I find few things more fascinating to study than the differences (and similarities) among the people of the world. My own conclusion after I visited with entrepreneurs and others around the globe is that the main thing they shared in common was their desire to make a better life for their kids. And I am generally of the school that “we are all pretty much alike.”
 
At the same time, there are undeniable cultural differences around the world. You can imagine IBM expanding internationally in the 1960s, trying to figure out how to recruit, select, manage, and motivate people from very different backgrounds. So they hired mechanical engineer turned social psychologist Geert Hofstede to study the differences in people from the various nations. He found 5 major dimensions on which people varied: power distance, uncertainty avoidance, individualism vs. collectivism, masculinity vs. femininity, and long-term vs. short-term orientation. Then he wrote many papers and books about all his findings, becoming one of the most cited authors in the social sciences.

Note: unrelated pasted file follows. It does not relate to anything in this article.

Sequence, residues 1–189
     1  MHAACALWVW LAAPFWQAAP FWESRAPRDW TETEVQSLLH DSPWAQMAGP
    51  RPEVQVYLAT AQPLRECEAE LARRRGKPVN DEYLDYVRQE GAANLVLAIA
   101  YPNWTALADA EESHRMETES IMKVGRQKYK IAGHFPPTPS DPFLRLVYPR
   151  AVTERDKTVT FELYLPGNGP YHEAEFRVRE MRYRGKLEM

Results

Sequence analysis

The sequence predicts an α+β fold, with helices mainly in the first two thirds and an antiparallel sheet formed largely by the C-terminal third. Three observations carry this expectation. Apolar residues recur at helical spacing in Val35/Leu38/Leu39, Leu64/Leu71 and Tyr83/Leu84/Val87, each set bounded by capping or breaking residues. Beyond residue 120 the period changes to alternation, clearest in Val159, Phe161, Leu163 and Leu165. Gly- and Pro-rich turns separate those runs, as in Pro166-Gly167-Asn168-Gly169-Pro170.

His concluding tome is Culture’s Consequences: Comparing Values, Behaviors, Institutions, and Organizations across Nations (Second Edition, Sage Publications, 2001). This great book delves into each of the 5 dimensions, provides data on the nations of the world and how their residents vary on those dimensions, and explores the behavioral implications and how they affect organizations. 
 
The book contains a wealth of data and tables which goes deeper under the surface, looking at such things as the ratio of Catholics to Protestants, the reluctance of employees to disagree with their bosses, paying bills fast vs. slow, optimism vs. pessimism about the future, and the impact of economic development levels on the cultural dimensions. The book is as full of verbal descriptions of these ideas and the resultant behaviors as it is full of numbers. I love both.
 
There have been many books written about culture differences but few are as full of hard data and fascinating background as this one. If you are actively transacting (money, products, services, or ideas) with the world, or just want to understand how its people think and act, I highly recommend Culture’s Consequences.

   

    

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